The East Valley Tribune reported:
The Goldwater Institute filed a federal lawsuit Thursday to block national healthcare reform, arguing it violates the rights of a Tempe business owner, Arizona lawmakers and even members of Congress.
The lead plaintiff is Nick Coons, 31, owner of RedSeven, a Tempe-based computer repair company. The suits says he carries only catastrophic insurance coverage to save money and because he is healthy. The plan covers costs of $5,000 or more and Coons pays for other medical care himself.
“I think I would have standing in this case because I don’t have health care coverage that the bill would consider adequate,” Coons said Thursday.
The suit argues Coon’s medical privacy would be violated by forcing him to disclose medical records to an insurance company, and that those documents could be accessed by the federal government without his approval.
Mr. Coons seems to be misinformed about the health care reform insurance requirements. I am an insurance agent and my understanding is that an insurance exchange will be set up to offer a variety of coverage options for small business owners and individuals like Mr Coons. I haven’t read anything that says high deductible plans will be eliminated. I’m pretty sure he will be free to choose a $5,000 deductible plan, but that plan will be better than what he has now because it will be required to cover preventive care that is not subject to a deductible.
With regards to Mr. Coons’ concern about insurance companies seeing his medical information, I have some news for him. When he applied for health insurance he gave the insurance company permission to access his information – and it was available from a central database. Any insurance company (with his permission) can access his medical history. And if Mr. Coons were not so healthy, an insurance company to which he applies for coverage would request medical records from his doctors (with his permission) and the insurance company might find a reason to reject him. This rejection information will go into the central database, so if he applies to another insurance company he will be red flagged – and possibly rejected automatically. My point is that health care reform is not changing anybody’s access to his information. Big brother is already out there – and it’s the health insurance industry.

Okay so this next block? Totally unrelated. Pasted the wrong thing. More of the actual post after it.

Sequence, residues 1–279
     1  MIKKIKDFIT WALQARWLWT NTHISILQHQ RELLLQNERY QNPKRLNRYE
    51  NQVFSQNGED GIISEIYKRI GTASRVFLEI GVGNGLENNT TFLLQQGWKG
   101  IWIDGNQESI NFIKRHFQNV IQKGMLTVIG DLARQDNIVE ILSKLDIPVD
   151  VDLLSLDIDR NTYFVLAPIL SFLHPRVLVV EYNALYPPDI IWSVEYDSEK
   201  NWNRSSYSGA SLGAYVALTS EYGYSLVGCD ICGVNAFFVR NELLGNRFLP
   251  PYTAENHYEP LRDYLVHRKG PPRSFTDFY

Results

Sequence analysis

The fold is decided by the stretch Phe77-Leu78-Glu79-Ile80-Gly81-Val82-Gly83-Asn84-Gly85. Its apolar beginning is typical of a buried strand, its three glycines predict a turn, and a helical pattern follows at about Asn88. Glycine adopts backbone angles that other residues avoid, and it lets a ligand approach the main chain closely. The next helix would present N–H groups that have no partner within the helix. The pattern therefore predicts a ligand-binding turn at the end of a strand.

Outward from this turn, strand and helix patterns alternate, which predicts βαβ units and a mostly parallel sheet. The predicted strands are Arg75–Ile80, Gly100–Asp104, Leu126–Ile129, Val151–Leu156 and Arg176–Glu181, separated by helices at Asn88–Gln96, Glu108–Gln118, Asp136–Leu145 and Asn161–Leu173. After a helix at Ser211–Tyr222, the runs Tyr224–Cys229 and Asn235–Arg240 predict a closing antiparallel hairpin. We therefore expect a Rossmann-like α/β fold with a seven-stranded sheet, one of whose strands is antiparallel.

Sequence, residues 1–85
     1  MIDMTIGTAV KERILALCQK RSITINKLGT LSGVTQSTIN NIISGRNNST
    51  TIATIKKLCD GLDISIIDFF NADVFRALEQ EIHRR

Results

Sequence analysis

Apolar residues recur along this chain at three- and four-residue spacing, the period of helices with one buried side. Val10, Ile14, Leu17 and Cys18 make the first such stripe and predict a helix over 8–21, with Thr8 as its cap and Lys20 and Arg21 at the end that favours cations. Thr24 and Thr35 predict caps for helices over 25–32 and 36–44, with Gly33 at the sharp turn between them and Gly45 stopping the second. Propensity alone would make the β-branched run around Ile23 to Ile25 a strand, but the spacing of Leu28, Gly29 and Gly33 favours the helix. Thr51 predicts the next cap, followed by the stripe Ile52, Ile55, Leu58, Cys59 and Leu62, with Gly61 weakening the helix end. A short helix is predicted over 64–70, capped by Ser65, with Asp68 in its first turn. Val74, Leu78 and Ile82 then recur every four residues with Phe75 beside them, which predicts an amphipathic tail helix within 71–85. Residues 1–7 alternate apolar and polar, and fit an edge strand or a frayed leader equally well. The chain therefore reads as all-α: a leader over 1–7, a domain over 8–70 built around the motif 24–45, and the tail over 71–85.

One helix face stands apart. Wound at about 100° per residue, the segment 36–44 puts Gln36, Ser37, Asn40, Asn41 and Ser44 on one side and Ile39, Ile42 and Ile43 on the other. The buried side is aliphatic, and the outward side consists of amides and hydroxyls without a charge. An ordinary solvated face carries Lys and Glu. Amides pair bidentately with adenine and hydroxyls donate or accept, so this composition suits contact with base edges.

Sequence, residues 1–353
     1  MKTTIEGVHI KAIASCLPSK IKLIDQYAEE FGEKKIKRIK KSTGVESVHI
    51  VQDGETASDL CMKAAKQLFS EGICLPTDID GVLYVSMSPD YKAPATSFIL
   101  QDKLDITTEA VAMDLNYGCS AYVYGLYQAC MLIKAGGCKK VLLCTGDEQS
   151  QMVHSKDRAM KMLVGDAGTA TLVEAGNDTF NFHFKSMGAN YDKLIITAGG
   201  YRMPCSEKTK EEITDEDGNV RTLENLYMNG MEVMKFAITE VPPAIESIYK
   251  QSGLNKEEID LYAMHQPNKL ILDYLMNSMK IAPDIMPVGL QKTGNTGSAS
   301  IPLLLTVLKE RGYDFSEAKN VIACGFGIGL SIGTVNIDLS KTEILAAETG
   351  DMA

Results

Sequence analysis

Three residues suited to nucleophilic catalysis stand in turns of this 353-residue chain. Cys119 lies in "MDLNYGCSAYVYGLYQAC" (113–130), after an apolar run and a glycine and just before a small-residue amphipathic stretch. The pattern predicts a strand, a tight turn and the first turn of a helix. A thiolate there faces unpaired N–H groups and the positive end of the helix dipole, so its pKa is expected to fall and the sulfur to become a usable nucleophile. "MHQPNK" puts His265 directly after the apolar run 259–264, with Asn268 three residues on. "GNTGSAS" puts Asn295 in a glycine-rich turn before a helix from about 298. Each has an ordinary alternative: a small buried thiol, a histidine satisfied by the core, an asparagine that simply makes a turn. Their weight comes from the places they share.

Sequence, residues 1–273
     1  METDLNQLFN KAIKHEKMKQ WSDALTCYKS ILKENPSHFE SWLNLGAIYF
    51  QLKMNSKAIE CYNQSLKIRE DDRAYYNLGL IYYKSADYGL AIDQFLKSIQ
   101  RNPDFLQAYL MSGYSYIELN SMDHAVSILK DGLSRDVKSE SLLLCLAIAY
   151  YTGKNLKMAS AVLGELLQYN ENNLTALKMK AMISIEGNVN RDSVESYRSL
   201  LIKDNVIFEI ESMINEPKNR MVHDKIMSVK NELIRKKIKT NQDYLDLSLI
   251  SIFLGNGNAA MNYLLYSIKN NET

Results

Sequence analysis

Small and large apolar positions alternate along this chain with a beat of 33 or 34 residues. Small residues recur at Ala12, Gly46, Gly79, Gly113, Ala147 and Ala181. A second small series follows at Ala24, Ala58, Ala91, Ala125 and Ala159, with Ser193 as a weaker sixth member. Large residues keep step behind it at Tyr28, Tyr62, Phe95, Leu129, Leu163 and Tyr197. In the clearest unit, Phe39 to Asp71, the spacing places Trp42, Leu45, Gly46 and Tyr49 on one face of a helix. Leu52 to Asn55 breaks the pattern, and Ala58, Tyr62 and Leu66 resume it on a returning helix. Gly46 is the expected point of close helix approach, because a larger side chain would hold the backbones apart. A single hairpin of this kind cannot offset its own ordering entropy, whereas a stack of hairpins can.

One more thing: If Mr. Coons, or his wife, or his child should be diagnosed with diabetes or some other illness, he might change his tune. He’s healthy, so he was able to get health insurance. But what about an entrepreneur with a great business idea who has diabetes? That person is uninsurable. Or what about a small business owner who has a child born with an illness that makes that child uninsurable? Until the reform law was passed this year a child born with an illness could be refused coverage by his parents’ insurance company. This is something that has already changed due to the reform law.
As an insurance agent I think the reforms will free entrepreneurs to think about growing their business rather than how they are going to get health insurance for themselves and their employees. People will be able to pursue their entrepreneurial dreams if they know they can get health insurance. I think the reforms will open up many possibilities for entrepreneurs who might not be as young and healthy as Mr Coons.
How many people would quit their stinking jobs that they keep just for the health insurance? And how many people in their 50′s and 60′s would retire early if they could get an individual health insurance policy? These people have IRA’s and 401Ks that would allow them to quit work and pursue other things – but they need health insurance. They might not qualify under current rules that allow insurance companies to reject them because of their weight, or high cholesterol, or osteoporosis, or cancer they had five years ago. If these people can retire early and get health insurance jobs will open up for younger workers – and this will be a big boost for the economy.
I don’t know the details of Mr. Coons’ health insurance policy, but it sounds to me like he has a weak case that is based on misinformation and paranoia. These are health conditions that seem to be rampant in Phoenix.